China's property bubble billionaires get fat but face govt cooling
China’s property and construction barons took top spots on the latest China Rich List, writes Jonathan Chancellor editor of Property Observer
China’s property and construction barons took top spots on the latest China Rich List, but now face the issue of sustaining their wealth given the Chinese government’s recent concerted efforts to cool the economy by clamping down on real estate speculation and cutting back on massive infrastructure projects.
Four of the richest 10 were property developers, up from two last year, and 29 of the top 50 had considerable property businesses.
“China’s relentless construction boom, coupled with a growing domestic retail market, have been the key drivers for the growth in wealth,” Rupert Hoogewerf, Hurun’s chairman and chief researcher, notes.
The report says China can claim at least 271 billionaires in US dollar terms, up from 189 last year, but “you can double the real number of billionaires in China to nearer 600”, he says.
It’s the 13th annual ranking of the richest individuals in China, since Hurun Report founded the China Rich List in 1999. A full list of the 1000 richest individuals will be released next month.
The highest ranking known link to Australia in the top 1000 entrants is billionaire property and media tycoon Chau Chak Wing, who has been a generous political supporter of Treasurer Wayne Swan and Foreign Minister Kevin Rudd in recent years. His position in the top 1000 will be known next month.
Chau, who reportedly lives mainly in China but who gives his address as East Kowloon, Hong Kong, is an Australian citizen whose wife and children have lived largely in Hunters Hill in Sydney. The Hunters Hill house cost $3 million in 1995 in the Pulpit Point development.
His fortune estimated by Hurun at $1.5 billion in the 2010 list was made developing real estate in Guangzhou. He also owns a major Guangzhou newspaper, the New Express Daily, as well as an Australian offshoot.
Despite the continuing global financial crisis, the cut-off to make the Huran top 50 issued yesterday was $US2.7 billion, and the Hurun 1000 cut-off shot up to $US310 million.
The average wealth on the list hit $US924 million. Beijing is the home to 111 on the top 1000 list, followed by Shenzhen and Shanghai.
The rich are also well connected politically, as some 30% of the Hurun top 50 are delegates to the National Party Council or CPPCC.
Up four places to top spot was Liang Wengen, chairman of heavy equipment manufacturer Sany Group, according to report by the Huran Report, a luxury publishing and events firm. It valued Liang’s fortune at $11 billion, based in significant part on the appreciation of shares of the parent company’s Sany Heavy Industry Co., which is listed in Shanghai.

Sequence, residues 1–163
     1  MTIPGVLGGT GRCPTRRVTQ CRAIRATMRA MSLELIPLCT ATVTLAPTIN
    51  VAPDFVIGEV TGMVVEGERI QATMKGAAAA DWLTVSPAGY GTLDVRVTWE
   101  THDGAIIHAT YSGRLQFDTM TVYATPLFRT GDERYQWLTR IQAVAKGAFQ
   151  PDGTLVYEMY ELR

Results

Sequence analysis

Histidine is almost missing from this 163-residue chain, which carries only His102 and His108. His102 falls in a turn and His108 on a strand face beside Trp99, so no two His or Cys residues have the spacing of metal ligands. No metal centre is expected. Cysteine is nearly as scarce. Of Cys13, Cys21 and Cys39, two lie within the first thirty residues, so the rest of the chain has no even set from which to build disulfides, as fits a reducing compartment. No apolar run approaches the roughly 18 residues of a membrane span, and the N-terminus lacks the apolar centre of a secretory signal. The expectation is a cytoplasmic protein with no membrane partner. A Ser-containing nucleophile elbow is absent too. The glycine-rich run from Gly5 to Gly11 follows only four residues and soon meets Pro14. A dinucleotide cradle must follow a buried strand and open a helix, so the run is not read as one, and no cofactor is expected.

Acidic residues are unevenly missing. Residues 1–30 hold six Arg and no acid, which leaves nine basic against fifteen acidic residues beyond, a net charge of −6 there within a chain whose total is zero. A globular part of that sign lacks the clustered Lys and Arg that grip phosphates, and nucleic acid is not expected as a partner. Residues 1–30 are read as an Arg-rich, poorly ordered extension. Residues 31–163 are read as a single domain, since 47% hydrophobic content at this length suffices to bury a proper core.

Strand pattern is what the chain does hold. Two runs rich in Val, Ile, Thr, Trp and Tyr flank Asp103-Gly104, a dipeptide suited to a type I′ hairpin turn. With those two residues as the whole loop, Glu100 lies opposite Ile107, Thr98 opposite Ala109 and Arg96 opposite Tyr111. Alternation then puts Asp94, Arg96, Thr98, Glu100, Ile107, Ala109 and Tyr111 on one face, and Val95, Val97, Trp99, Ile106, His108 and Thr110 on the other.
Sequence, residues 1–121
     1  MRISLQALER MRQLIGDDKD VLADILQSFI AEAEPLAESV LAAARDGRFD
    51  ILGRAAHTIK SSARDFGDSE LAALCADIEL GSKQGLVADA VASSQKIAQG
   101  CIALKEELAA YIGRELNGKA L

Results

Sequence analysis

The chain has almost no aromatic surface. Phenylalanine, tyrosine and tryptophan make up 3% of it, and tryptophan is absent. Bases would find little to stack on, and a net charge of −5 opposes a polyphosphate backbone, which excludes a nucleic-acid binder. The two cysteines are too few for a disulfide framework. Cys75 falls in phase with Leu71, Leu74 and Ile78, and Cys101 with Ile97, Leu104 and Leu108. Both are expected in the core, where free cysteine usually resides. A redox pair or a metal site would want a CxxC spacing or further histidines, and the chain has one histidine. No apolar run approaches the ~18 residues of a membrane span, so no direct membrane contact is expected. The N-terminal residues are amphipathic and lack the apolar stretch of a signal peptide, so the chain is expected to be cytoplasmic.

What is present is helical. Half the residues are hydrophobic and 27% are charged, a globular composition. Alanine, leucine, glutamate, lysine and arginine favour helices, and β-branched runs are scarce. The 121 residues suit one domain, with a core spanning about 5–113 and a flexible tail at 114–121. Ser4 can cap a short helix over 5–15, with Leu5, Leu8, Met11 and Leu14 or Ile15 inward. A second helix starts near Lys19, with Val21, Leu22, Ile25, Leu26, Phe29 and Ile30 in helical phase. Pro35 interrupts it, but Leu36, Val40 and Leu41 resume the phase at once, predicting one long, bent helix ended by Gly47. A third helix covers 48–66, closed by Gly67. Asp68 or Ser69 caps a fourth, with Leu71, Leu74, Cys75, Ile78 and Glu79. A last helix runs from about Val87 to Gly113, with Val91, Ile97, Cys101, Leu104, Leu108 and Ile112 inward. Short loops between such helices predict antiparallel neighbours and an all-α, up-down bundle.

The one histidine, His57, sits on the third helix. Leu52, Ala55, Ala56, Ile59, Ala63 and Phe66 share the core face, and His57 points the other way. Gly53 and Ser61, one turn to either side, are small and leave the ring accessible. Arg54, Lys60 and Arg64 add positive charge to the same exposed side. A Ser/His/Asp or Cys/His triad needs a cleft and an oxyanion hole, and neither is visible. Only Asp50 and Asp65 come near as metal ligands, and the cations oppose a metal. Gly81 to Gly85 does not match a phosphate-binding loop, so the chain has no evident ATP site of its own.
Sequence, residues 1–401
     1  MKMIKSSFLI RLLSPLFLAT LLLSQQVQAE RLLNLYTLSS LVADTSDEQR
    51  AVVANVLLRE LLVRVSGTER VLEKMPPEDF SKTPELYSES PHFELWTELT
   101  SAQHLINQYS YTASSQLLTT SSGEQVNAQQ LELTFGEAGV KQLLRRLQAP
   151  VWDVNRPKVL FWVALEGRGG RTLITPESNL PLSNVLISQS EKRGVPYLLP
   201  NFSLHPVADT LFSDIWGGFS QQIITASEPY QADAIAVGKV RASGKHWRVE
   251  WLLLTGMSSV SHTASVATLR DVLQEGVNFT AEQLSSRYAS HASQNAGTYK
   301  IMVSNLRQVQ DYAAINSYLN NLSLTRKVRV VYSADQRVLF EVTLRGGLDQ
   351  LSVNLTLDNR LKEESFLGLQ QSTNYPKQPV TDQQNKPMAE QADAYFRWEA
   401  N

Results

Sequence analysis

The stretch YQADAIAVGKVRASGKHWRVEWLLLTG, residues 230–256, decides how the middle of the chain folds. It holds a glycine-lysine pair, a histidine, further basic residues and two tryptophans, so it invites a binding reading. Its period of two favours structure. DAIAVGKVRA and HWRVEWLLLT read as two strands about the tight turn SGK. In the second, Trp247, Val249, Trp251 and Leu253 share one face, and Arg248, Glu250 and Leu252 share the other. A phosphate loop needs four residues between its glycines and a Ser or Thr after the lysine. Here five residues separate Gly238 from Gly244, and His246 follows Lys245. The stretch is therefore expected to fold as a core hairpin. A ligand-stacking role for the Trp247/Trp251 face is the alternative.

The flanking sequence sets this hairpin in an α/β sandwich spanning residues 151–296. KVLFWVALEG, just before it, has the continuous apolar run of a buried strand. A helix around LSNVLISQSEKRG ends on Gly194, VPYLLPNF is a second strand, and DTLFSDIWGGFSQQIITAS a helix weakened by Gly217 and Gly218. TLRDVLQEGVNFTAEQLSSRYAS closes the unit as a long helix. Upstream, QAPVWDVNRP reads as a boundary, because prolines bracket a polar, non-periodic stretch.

Liang succeeded the former No.1, Hangzhou Wahaha Group Co. Chairman Zong Qinghou, whose $10.7 billion beverage-industry fortune put him at No.2.
The Robin Li, founder of internet search provider Baidu Inc, rose two spots to finish third, the report says.
Robin Li Yanhong at 43 is the youngest of the Hurun top 10, up to third this year with net worth of US$8.8 billion after Google’s withdrawal from the Chinese market last year has allowed Baidu to build on its leadership in the Chinese-language internet search services.
Wu Yajun, 47, takes over the mantle of the richest woman from Zhang Yin, the Paper Queen, and is also now the richest self-made woman in the world.
“China’s rich have defied the global financial crisis with another record year of growth,” Rupert Hoogewerf concludes.
Chau’s Kingold Real Estate company website says it has been part of the soaring growth of China’s economy in the past 20 years given the great market demands for real estate in China.
“In order to satisfy market demands, the Kingold Real Estate Division has created one legend after another by building high-end hotels, office and residential buildings.
“When China’s real estate market was stagnant in 1989, Guangdong Foreign Businessmen Club/Hotel, invested by the Kingold Real Estate Division, became the first hotel of its kind to offer high-class services to the foreign businessmen in China.
“Despite the real estate market slump in 1995, Dr Chau Chak Wing invested RMB1.6 billion yuan to build a large residential estate — Huiqiao New City with a gross floor area of 1,200,000 square meters, which greatly helped Guangzhou Municipal Government to implement the policies caring for overseas Chinese.
“This residential estate had set several records in the highest sales volume and the highest number of residents actually living in the estate for three consecutive years from 1996 to 1998, becoming the largest overseas Chinese residential area in Guangdong and widely believed to be the first largest upscale precinct in Guangzhou to house more than 100,000 residents to date.
“The Kingold Real Estate Division never falters in its progress with forward-looking vision focused on the Wushan universities precinct in Guangzhou.
“In 1999, the Kingold Real Estate Division impacted on the real estate industry in China when it unprecedentedly budgeted over RMB 10 million yuan to invite international bidding for the Planning and Design of the Favorview Palace Estate covering a land area of over one million square metres.
“Since entering the market, the Favorview Palace Estate has once recorded an annual sales volume of RMB 2.0 billion yuan, the best sales performance among all the deluxe residential estates in Guangzhou.
“The Favorview Palace Estate was the only high-end residential estate in Guangzhou to be honored China’s Top 10 Deluxe Residential Estates for 2004 and subsequently for 2005 and 2006,” the website says.
*This article was first published at Property Observer
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